Expand mobile version menu

Metallurgical Engineering

Program Description

Just the Facts

Metallurgical Engineering. A program that prepares individuals to apply mathematical and metallurgical principles to the design, development and operational evaluation of metal components of structural, load-bearing, power, transmission, and moving systems; and the analysis of engineering problems such as stress, creep, failure, alloy behavior, environmental fluctuations, stability, electromagnetic and thermodynamic characteristics, optimal manufacturing processes, and related design considerations.

This program is available in these options:

  • Associate degree
  • Bachelor's degree
  • Graduate Certificate
  • Master's degree
  • Doctoral degree

High School Courses

See the high school courses recommended for programs in this career cluster:

See the high school courses recommended for programs in this pathway:

Related Careers

Check out related careers

Additional Information

A degree in metallurgical engineering involves the study, design, implementation and betterment of processes that transform raw materials like ore (rock with metal and minerals) into the various metal and mineral products that we use on a daily basis.

This program has three basic areas: mineral processing extractive metallurgy and physical metallurgy. Mineral processing consists of getting mineral products out of the earth's crust, and then separating them and reducing them in size. Extractive metallurgy involves the removal of metals and minerals from raw material such as ores. Physical metallurgy is the development of metal alloys that manufacturing and construction need for their work.

Steve Cockcroft, a professor of metals and materials engineering, says that his program "has all engineering students taking a common first year, after which they choose which program to enter into."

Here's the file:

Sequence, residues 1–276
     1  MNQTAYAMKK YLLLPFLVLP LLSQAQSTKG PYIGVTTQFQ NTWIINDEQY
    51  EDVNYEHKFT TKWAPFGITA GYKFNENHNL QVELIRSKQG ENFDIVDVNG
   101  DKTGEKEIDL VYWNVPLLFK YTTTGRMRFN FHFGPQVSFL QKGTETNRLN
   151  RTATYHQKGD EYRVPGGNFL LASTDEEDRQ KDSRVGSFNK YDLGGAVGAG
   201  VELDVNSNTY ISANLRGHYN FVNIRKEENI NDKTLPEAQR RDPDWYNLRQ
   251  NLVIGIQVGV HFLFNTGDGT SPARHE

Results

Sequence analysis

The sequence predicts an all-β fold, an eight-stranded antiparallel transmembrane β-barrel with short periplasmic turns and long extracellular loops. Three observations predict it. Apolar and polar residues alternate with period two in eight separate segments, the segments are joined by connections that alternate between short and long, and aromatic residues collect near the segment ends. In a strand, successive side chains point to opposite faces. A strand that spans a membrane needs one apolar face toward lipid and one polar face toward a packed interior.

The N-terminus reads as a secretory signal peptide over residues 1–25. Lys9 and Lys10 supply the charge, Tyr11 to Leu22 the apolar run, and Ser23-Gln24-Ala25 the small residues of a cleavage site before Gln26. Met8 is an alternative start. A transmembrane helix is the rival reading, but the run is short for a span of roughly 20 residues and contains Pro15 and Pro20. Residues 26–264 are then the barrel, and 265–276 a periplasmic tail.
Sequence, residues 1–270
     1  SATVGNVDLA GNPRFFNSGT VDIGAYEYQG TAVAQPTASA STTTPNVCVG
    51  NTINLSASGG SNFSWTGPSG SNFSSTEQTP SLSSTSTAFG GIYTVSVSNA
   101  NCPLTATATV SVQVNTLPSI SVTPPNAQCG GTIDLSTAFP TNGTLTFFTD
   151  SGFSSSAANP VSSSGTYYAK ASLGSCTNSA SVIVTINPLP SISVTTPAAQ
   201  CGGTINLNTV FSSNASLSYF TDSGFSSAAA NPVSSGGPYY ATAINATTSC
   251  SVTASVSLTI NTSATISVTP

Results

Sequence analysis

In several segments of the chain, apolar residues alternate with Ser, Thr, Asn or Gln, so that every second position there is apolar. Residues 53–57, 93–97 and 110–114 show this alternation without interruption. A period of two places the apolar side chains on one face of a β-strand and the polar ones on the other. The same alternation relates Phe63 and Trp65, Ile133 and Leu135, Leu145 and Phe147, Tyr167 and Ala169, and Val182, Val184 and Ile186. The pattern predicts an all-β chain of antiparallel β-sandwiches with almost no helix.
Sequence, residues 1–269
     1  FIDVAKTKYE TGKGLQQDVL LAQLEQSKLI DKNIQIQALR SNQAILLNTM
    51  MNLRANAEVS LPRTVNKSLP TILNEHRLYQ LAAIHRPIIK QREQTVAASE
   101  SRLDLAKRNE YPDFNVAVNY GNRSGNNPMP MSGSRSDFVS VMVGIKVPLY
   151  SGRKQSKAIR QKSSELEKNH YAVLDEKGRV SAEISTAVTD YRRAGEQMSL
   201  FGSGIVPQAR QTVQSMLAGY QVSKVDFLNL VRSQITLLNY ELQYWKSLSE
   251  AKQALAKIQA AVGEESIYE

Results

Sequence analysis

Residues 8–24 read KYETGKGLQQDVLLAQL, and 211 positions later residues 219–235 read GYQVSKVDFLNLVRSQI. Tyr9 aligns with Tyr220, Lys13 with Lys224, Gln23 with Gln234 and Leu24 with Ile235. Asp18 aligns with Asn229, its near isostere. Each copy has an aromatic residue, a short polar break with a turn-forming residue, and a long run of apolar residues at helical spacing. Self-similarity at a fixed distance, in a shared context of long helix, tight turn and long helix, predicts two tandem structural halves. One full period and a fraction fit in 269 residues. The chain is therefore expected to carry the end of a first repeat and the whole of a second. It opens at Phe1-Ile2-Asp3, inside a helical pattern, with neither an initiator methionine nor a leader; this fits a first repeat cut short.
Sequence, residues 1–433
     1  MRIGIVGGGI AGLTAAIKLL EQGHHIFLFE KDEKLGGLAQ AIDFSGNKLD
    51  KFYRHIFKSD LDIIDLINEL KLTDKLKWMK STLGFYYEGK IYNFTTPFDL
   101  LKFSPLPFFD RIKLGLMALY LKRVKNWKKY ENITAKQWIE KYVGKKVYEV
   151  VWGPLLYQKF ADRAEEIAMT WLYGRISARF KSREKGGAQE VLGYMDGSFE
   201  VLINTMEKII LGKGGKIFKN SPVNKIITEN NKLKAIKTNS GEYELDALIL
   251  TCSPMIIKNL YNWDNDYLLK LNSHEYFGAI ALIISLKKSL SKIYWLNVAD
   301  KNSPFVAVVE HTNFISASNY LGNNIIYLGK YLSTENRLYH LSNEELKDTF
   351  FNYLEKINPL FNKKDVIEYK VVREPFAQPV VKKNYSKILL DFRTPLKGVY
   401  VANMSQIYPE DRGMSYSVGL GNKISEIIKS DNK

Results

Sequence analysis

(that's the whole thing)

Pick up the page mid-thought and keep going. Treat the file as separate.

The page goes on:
Courtney Young is head of metallurgical engineering at Montana Tech. She says that over the course of their studies, students can expect to take courses in mineral processing; extractive metallurgy; physical metallurgy and materials engineering; and welding metallurgy.

To be licensed as a professional engineer, you'll need at least a four-year bachelor's degree. Many of these degrees actually take five years if you choose to do a co-op program, which combines work terms with your class terms. Many engineers go on to pursue master's degrees as well.

"Prospective students must enjoy chemistry and math, and [must] have good grades, as well as good scores on ACT or SAT tests," says Young.

"It helps if the prospective student also has taken and done well in physics, but not all high schools offer physics."

She adds that taking AP courses, including English, is also useful.

Those who major in the sciences always have lab expenses in addition to the cost of tuition and textbooks.


Occupational Outlook Handbook
For more information related to this field of study, see: Materials Engineers

Challenge of Materials
A look at materials, including metals

Principal Metals -- Properties
Information on more than 5,000 metals


  • Email Support
  • 1-800-GO-TO-XAP (1-800-468-6927)
    From outside the U.S., please call +1 (424) 750-3900
  • North Dakota Career Resource Network
    ndcrn@nd.gov | (701) 328-9733